Tobin's Q Ratio

Tobin's Q Ratio

A ratio of a company's market value to its total asset value. Tobin's Q ratio is based on the work of James Tobin, who suggested that a fairly priced company ought to have a price equal to its total asset value. Thus, when Tobin's Q ratio is less than one, it means that the market value of the company is less than the total asset value, indicating that it is undervalued. Likewise, when it is more than one, it indicates that the market value is higher than the total asset value and that the company might be overvalued. Tobin's Q ratio is also called simply a Q ratio.
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References in periodicals archive ?
This study measures the existence and level of agency cost by four different measures that provide a comprehensive idea about the level and presence of agency cost in the PSX listed Pakistani firms: i) asset utilization ratio ii) interaction of free cash flow and growth iii) Discretionary expenditure ratio, and finally iv) Tobin's Q ratio.
The mean and median values for the Tobin's Q ratio was 1.262 and 0.964 respectively, while mean and median values of Tobin's Q ratio for the UK listed companies reported by Doukas, McKnight and Pantzalis (2005) are 2.192 and 1.400.
These attributes were: Tobin's q ratio, intangible assets to total assets ratio (IntanTA), cash flow to sales ratio (CFsales), auditor opinion (AUOP), capital expenditure to property, plant & equipment ratio (CapInt), and advertising expense to sales ratio (AdvSale).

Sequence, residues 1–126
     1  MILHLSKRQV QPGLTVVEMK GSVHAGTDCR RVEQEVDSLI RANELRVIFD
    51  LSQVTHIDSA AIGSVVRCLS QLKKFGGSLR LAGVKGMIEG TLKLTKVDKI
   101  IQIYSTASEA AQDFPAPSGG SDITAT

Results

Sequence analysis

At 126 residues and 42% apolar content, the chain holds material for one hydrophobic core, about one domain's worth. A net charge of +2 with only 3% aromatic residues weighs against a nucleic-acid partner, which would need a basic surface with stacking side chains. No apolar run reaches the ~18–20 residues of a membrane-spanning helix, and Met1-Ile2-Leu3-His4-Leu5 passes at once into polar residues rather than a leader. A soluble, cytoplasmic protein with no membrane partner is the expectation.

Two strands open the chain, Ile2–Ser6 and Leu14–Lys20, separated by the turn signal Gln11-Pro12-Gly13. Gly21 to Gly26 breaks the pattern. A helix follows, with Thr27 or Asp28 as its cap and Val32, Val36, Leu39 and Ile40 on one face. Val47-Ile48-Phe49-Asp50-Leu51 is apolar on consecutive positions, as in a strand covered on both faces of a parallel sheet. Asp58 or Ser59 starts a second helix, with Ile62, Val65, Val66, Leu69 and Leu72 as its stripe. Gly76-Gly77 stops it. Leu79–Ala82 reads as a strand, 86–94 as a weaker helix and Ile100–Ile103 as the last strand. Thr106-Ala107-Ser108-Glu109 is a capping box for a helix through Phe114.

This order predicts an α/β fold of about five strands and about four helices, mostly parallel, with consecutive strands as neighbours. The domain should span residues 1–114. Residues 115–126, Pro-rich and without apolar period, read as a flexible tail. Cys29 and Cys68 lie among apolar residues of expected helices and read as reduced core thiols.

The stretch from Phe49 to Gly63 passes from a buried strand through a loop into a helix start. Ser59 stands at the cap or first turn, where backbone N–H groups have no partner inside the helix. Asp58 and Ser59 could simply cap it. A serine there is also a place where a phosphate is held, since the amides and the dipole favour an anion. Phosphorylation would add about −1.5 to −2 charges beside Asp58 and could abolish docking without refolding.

In this article, we'll look at two additional market valuation tools, Tobin's Q Ratio and Robert Shiller's C.A.P.E.
Is there a significant relationship between debt ratio and Tobin's Q ratio?
Several other studies also have tested the free cash flow hypothesis using the Tobin's q ratio, which is defined as the ratio of a firm's market value to the replacement cost of assets.
Tobin's Q ratio is defined as the market value of assets divided by replacement value of assets.
Ross, 1981, "Tobin's q Ratio and Industrial Organization," Journal of Business (January), 1-32.
In order to test the hypotheses using the ratio of market value to replacement cost of assets (Tobin's q ratio), we employed the proxy used by Lindenberg and Ross (1981) and by Smirlock, Gilligan and Marshall (1984).
Skandia AFS, an insurance company in Stockholm, Sweden, uses a variant of Tobin's Q ratio to measure the value of ideas.
To evaluate the impact of ESOPs on firm performance, we examine how the Tobin's q ratio, the market-to-book value ratio, and the return on assets (ROA) of the sponsoring firm change around the year of establishment or expansion of the ESOP.
Our procedure for estimating Tobin's q ratios for each firm follows the Perfect and Wiles (1994) method: